In many parts of the globe, hints of a post-COVID-19 world are emerging. Virus rates are declining, restrictions are being lifted, and in-person gatherings are back on after a two-year hiatus.
So, it’s not a surprise that we are seeing an uptick in clients implementing instructor-led training (ILT)—live learning sessions where learners and facilitators share the same physical space. ILTs were the preferred training modality for many organizations pre-COVID-19, but they disappeared during the pandemic overnight.
The rapid pivot in 2020 to virtual-led instruction training (vILT) and digital modalities posed some challenges but worked better than originally anticipated in many cases. Learners and clients reported that they were grateful for continued opportunities to develop, that the virtual classroom was more engaging and interactive than expected and that they could still grasp and practice core skills and concepts despite the virtual setting. In addition to this anecdotal data, we also did not see a drop in initial effectiveness and satisfaction scores from session evaluations.
At the same time, however, we heard loud and clear from learners and clients that they were eager for the type of connection that only an in-person experience can provide. Particularly for cohort-based programs, learners disliked missing out on formal and informal opportunities like coffee breaks, meals, and after-hours outings with colleagues, which helped to build rapport and relationships.
Like many other areas of life right now, the ILTs of 2022 and beyond can be a success with a bit of extra intentional effort. Here are some considerations for training professionals when “flipping the switch” back to in-person trainings:
Individual learner needs and preferences: Recognize the differing comfort and ability levels related to gathering in person for training events. Though rates are declining, COVID-19 is not yet over, and each person has their own set of needs and limitations related to the ability to travel and be in person with others at this point in time. From childcare concerns to considerations around immunocompromised selves and family members, an ILT experience may not be possible or practical. Consider offering multiple modalities for training, if possible, or provide viable alternatives to those not yet willing or able to travel.
Facilitators: Consider what your facilitator pool looks like – it may be different than you remember. Like many of us, facilitators’ lives shifted drastically during the pandemic. While some are ready to get back “out there” again, others have determined that a remote arrangement is their new long-term normal. For facilitators traveling on-site to deliver training, ensure that providing a safe work environment for them is top-of-mind.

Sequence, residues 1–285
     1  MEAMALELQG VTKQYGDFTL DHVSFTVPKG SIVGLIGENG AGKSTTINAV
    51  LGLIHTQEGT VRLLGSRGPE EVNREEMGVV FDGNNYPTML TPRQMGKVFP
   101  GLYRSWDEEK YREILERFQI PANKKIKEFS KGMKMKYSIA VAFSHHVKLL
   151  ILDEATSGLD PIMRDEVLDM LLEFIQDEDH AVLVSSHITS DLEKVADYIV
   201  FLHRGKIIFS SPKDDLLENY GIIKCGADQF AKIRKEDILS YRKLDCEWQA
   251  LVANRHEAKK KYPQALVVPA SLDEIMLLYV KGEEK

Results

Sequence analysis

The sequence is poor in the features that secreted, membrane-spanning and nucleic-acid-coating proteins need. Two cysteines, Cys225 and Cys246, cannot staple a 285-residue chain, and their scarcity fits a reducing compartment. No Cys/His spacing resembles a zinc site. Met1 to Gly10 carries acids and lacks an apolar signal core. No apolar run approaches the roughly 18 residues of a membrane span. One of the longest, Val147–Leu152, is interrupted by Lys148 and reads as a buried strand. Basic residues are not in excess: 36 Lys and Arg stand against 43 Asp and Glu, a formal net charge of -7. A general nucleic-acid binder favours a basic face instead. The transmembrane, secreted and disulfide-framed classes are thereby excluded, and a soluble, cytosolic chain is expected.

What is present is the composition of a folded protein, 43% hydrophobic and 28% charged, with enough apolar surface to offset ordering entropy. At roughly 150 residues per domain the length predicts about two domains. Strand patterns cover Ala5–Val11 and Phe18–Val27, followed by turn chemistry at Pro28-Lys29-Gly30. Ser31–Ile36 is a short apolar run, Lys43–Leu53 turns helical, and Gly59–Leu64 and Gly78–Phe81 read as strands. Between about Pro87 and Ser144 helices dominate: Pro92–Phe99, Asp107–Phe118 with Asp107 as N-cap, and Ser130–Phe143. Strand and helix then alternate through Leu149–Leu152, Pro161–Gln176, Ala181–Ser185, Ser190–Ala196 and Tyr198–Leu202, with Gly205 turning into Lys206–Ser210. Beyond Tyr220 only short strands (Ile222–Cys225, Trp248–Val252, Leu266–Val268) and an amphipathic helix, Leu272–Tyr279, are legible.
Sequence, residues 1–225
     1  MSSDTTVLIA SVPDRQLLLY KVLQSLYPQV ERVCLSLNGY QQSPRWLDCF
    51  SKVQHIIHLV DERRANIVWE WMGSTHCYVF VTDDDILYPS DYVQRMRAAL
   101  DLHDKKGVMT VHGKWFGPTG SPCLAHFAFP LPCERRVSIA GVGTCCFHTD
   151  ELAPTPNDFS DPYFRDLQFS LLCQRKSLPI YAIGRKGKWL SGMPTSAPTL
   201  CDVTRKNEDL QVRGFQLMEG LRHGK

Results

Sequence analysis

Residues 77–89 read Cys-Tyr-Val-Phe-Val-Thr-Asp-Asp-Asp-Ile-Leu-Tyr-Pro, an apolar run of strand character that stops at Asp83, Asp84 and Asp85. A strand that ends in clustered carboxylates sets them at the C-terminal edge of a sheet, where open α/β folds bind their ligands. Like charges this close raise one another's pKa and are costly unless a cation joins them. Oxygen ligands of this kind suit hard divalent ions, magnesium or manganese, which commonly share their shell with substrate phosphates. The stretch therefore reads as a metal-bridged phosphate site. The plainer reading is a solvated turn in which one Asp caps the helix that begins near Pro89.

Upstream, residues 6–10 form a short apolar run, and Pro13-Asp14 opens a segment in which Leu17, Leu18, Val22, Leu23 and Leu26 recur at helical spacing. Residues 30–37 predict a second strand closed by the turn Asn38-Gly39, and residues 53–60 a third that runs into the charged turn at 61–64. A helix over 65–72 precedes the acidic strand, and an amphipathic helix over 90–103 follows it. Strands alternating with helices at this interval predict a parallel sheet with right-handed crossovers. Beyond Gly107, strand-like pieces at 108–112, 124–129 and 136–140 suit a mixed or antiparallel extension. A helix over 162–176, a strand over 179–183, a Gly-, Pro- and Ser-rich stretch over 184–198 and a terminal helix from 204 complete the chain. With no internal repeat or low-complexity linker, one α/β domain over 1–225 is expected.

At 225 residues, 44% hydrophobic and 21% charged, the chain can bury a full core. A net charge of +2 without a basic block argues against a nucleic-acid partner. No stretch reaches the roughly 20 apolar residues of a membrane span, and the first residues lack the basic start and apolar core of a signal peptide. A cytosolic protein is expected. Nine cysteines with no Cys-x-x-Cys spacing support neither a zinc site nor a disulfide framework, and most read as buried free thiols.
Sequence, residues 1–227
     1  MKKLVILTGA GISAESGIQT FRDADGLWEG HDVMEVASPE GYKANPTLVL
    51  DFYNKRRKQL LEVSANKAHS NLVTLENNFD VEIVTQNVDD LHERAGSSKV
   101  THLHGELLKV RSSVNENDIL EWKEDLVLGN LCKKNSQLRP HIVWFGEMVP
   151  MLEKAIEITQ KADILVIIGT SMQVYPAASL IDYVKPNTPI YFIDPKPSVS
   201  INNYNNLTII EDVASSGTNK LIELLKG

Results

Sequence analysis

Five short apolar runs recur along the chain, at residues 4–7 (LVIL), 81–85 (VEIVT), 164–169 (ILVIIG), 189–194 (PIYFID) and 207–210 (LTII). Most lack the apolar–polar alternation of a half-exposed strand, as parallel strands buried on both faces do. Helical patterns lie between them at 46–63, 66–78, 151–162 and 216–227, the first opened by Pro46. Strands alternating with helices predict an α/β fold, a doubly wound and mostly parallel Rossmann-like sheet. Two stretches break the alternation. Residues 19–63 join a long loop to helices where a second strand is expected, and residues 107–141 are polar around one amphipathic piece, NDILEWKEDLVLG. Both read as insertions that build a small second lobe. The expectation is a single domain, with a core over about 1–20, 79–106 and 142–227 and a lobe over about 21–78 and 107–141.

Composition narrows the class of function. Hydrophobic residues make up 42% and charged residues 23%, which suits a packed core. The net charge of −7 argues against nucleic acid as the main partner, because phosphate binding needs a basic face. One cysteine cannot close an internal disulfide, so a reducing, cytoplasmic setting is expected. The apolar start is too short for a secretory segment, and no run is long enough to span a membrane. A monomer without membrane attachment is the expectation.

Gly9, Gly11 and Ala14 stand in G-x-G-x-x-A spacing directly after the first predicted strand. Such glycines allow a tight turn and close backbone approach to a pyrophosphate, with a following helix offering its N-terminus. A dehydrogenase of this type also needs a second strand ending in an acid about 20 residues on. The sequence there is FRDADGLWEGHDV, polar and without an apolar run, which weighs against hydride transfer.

Travel considerations: If bringing learners or instructors in from multiple locations, remember that 2022’s travel plans look a bit different than 2019’s. Air travel has been impacted by staffing challenges and reduced routes—meaning a missed or canceled flight could have heightened consequences. Additionally, it is helpful to remember the local variability of the pandemic. What is feasible in one part of the country may not yet be in another as virus cases, vaccination rates, and regulations vary from location to location.
COVID-compliant training modifications: Consider some practical ways to modify training to maximize comfort and safety for all involved. You may want to:
- Know applicable local and company regulations related to COVID-19 (and be prepared for them to change).
- If vaccination proof, masks, or testing are required, ensure that these details are part of the pre-communication to learners and facilitators.
- Add supplies like antibacterial wipes, disposable face masks, and hand sanitizer to your training toolkit.
- Plan for physical distancing during the ILT, if needed or desired. Arrange attendee seating and adjust activities accordingly.
- Keep discussion groups consistent throughout the day to minimize exposure.
- When possible, avoid or minimize the use of shared objects (markers, flip charts, etc.).
- Have a contingency plan in the event that your in-person training may quickly need to pivot to hybrid or fully virtual.
We want to know: What’s your timetable for returning to ILT? What questions, needs, or concerns do you have as you embark on the process?